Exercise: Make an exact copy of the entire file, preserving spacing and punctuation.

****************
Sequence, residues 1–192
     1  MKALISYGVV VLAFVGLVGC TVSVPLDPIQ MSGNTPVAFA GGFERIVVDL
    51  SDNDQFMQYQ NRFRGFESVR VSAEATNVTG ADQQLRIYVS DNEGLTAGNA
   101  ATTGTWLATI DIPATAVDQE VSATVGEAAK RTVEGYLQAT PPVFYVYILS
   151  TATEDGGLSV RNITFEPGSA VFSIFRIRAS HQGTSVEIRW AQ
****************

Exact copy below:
Sequence, residues 1–192
     1  MKALISYGVV VLAFVGLVGC TVSVPLDPIQ MSGNTPVAFA GGFERIVVDL
    51  SDNDQFMQYQ NRFRGFESVR VSAEATNVTG ADQQLRIYVS DNEGLTAGNA
   101  ATTGTWLATI DIPATAVDQE VSATVGEAAK RTVEGYLQAT PPVFYVYILS
   151  TATEDGGLSV RNITFEPGSA VFSIFRIRAS HQGTSVEIRW AQ